Entering Yuru Camp△ 2‘s live action drama, my only expectations for the series will be that it continues to portray camping eats as it did in the first season: Yuru Camp△ 2 gets everything right, but there are limitations to how effectively anime can render food. The contrast in colours and textures on well-crafted dish in real life are unparalleled, and this was where the live action adaptation stood out from the anime. Because Yuru Camp△ 2 had an emphasis on food, to an even greater extent than its predecessor, it would be most enjoyable (and perhaps hunger-inducing) to see all of these foods in the real world. Beyond the food, I am very much looking forwards to seeing how Yuru Camp△ 2‘s live action drama brings the events of the second season to life: the first drama had done a phenomenal job in mirroring the camping excursions at Lake Motosu, Koan, Lake Shibire and Fuefuki, to name a few, so I am definitely excited to see new locations (especially the geospots at Izu) brought to life. Finally, while Yuru Camp△‘s drama is typically faithful in reproducing the order of events from the anime and manga, the series has also previously made minor adjustments to fit things a little better, so I am interested to see how any changes to things like locations will be helpful for folks who wish to visit these same places in the future. At present, I do have plans to write about Yuru Camp△ 2‘s live action drama once I’ve hit the halfway point, as well as after the finale airs: while I’ve already covered everything from a thematic point of view, there’s a unique charm about the drama, and I’m certain that there will be enough things to say about it as to warrant a few extra posts.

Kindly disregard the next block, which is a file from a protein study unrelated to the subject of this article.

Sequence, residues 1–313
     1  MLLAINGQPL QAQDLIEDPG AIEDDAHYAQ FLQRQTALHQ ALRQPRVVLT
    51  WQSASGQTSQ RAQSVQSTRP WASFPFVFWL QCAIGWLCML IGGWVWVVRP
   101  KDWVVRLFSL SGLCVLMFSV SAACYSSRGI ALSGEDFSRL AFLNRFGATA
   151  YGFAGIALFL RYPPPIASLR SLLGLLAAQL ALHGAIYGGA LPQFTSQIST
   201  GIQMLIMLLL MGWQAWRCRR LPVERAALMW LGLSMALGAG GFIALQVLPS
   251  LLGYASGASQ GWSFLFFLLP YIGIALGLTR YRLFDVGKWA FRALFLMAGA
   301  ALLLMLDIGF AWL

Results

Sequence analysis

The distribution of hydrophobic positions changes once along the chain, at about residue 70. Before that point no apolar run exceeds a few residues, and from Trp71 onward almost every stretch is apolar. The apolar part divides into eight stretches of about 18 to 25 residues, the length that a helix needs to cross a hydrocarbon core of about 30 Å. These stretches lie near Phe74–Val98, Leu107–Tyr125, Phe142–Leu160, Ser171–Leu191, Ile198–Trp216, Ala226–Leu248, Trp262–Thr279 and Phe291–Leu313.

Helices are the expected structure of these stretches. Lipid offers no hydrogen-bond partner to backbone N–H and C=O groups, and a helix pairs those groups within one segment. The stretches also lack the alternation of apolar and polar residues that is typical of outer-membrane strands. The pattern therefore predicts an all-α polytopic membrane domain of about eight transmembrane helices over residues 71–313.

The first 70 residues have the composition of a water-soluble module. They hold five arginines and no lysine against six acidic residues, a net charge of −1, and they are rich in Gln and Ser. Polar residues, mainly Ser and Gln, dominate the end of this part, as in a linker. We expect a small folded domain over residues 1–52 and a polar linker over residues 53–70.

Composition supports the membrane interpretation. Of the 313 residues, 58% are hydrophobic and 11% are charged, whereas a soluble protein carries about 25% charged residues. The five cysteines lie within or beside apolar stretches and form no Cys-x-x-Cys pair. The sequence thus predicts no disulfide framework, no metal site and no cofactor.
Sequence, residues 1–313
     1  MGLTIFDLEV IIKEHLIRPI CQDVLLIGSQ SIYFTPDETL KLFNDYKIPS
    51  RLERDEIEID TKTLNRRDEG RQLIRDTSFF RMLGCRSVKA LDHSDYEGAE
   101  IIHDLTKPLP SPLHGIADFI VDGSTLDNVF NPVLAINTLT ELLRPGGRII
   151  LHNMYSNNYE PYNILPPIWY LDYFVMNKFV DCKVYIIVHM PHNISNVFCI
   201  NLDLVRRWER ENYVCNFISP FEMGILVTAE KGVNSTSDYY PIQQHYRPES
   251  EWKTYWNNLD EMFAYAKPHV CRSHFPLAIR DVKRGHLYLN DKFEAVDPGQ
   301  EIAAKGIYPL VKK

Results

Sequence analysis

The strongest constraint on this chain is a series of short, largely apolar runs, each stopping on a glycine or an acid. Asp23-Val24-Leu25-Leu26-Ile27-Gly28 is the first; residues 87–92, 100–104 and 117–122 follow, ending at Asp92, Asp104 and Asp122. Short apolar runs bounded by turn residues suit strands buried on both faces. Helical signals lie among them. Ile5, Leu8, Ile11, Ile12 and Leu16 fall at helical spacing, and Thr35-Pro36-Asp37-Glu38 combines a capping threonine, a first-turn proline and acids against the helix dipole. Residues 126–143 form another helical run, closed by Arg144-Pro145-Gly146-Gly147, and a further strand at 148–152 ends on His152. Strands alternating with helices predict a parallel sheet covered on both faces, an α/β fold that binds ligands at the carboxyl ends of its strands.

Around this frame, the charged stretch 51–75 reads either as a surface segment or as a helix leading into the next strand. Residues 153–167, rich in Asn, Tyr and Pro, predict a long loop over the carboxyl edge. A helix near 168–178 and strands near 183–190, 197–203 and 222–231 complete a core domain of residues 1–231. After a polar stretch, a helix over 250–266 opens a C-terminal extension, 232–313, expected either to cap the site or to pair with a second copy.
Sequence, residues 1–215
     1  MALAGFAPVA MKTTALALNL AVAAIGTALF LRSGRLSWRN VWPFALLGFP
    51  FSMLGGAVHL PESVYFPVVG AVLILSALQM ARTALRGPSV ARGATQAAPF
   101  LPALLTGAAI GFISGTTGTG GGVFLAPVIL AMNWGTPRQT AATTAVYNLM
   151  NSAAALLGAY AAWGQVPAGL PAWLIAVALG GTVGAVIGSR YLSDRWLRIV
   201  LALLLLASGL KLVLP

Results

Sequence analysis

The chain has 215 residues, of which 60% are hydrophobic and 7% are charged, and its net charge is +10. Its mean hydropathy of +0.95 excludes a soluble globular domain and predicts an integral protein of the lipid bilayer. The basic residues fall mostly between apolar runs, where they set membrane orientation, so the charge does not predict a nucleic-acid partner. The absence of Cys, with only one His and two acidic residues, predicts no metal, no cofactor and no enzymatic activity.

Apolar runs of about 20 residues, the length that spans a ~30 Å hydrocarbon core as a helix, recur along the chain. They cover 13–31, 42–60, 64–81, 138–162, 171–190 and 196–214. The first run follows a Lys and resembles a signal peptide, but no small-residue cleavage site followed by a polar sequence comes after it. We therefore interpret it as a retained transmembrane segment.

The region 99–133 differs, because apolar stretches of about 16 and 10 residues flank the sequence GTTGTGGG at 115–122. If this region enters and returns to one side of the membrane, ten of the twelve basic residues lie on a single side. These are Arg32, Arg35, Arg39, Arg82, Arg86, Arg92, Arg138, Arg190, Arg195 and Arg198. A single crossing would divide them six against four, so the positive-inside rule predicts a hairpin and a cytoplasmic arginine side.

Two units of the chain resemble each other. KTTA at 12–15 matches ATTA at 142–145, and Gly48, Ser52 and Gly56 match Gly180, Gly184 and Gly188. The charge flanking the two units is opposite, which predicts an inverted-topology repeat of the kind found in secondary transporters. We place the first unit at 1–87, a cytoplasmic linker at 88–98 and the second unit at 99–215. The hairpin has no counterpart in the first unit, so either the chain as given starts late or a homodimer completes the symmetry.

Yuru Camp△ 2 Original Soundtrack Tracklist, Post-Release Review and Reflection